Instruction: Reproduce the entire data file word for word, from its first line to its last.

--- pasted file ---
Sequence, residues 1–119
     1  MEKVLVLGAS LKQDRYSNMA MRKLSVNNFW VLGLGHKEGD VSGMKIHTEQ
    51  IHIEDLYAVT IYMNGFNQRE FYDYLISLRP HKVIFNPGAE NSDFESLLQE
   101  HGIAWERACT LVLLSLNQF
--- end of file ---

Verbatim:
Sequence, residues 1–119
     1  MEKVLVLGAS LKQDRYSNMA MRKLSVNNFW VLGLGHKEGD VSGMKIHTEQ
    51  IHIEDLYAVT IYMNGFNQRE FYDYLISLRP HKVIFNPGAE NSDFESLLQE
   101  HGIAWERACT LVLLSLNQF